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H1N1 FLU BREAKING NEWS: Sick-leave policies, spring-wave protection?, vaccine updates, Web resources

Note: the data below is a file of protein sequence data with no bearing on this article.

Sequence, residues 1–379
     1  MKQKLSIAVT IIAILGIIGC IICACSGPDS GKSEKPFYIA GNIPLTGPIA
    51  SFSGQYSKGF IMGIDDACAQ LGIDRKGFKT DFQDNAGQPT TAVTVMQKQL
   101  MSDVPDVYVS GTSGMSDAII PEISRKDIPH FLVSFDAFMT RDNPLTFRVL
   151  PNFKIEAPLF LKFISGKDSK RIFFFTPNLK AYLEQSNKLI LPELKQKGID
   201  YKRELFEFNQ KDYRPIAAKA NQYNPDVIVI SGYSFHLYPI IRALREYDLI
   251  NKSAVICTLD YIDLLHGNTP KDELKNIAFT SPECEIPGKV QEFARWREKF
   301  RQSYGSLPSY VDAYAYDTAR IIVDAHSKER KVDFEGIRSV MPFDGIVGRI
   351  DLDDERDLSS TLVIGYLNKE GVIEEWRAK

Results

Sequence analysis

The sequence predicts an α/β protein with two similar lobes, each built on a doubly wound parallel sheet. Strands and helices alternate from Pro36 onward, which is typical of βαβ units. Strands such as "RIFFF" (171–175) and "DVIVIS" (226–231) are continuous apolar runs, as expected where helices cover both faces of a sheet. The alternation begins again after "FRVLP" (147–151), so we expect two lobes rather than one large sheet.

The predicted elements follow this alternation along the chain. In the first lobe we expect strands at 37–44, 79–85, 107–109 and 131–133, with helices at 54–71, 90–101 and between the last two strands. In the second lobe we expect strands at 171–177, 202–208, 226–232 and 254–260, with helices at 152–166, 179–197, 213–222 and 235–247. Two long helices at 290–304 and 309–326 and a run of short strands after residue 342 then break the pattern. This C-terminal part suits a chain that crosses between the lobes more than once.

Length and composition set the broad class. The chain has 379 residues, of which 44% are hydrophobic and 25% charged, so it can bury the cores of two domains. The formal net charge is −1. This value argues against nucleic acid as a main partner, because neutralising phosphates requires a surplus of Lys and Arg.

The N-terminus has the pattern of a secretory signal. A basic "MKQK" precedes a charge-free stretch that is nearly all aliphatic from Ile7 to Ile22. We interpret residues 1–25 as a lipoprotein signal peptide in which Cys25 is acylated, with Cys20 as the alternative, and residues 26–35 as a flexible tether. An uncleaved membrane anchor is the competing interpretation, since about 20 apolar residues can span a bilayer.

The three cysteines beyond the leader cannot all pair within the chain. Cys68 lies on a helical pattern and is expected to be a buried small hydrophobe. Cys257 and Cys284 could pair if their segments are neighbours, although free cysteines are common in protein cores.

first_imgOct 8, 2009Lack of paid sick leave could spread fluA lack of paid sick leave could force working parents either to report to work sick with flu or to send their children to school sick, at the risk of sacrificing either income or their jobs, ABC News reports. Up to 54 million Americans, many of them self-employed or employees of small businesses, have little or no paid sick leave, an issue that advocates hope to bring before Congress.http://abcnews.go.com/Health/SwineFluNews/unpaid-sick-days-leave-parents-tough-choices-flu/story?id=8775513Oct 7 ABC News reportSpring wave may have given NYC some protectionNew York City and a few other cities that had big H1N1 outbreaks in the spring are seeing little activity now, leading to suggestions that the spring wave spawned a significant level of population immunity, the New York Times reported today. City health officials believe that perhaps 20% to 40% of the population were exposed to the virus in the spring and gained immunity. But city officials and other experts agreed it would be unwise to assume that New Yorkers don’t need the H1N1 vaccine.http://www.nytimes.com/2009/10/08/health/08flu.html?ref=healthOct 8 New York Times storyThird of parents may say no to kids’ vaccineConcerned over the new H1N1 vaccine, or unconcerned about the seriousness of the disease, 38% of parents say they are unlikely to permit their children to be vaccinated during school programs planned by many states, according to an Associated Press (AP)-GfK poll. Federal health officials vouched for the vaccine’s safety, urging widespread inoculation. Among concerns are the newness of the vaccine and potential side-effects.Oct 7 AP storyNew Web resources for individuals, familiesThe federal government’s www.flu.gov Web site has two new features, the Department of Health and Human Services (HHS) announced yesterday. A self-evaluation section for adults offers a click-through assessment aimed at determining whether flu is or is not present, followed by guidance on self-care, preventing transmission, and warning signs of serious disease. “Flu Myths and Facts” provides accurate refutations of common misconceptions about vaccinations and the disease itself.http://www.hhs.gov/news/press/2009pres/10/20091007a.htmlOct 7 HHS news releaseCDC unveils system to gather data on flu-like illnessThe CDC today announced the launch of a system to gather data about influenza-like illness (ILI) from syndromic surveillance systems run by health departments in cooperation with hospital emergency departments. The system, called Distribute, enhances existing flu surveillance by providing more details on geographic- and age-specific trends, the agency said. The system involves a partnership of the CDC with the International Society for Disease Surveillance and the Public Health Informatics Institute.http://www.cdc.gov/mmwr/preview/mmwrhtml/mm5839a5.htmCDC announcement in Oct 9 MMWRCanadian H1N1 vaccination to lag US by weeksCanada’s national campaign to vaccinate residents against the H1N1 flu is likely to begin in early November because attempts to move up the shots’ delivery have not been successful, according to the Canadian Press. The US campaign uses multiple suppliers and began with a roll-out of aerosol vaccine; Canada uses only one manufacturer, and aerosol vaccine is not approved for sale there.Oct 6 Canadian Press reportMichigan man recounts 7-week H1N1 battleA Michigan man who barely survived a battle with the H1N1 virus is expressing support for the vaccination campaign, according to ABC News. Jim Shrode, 53, was in excellent health before he fell ill with the virus in May. He was hospitalized for 7 weeks, required mechanical ventilation, and lost 37 pounds. “People need to know that the risks of the vaccine are minimal compared to the risks if you get ill with it,” he said.http://abcnews.go.com/GMA/surving-swine-flu/story?id=8777207Oct 8 ABC News reportlast_img read more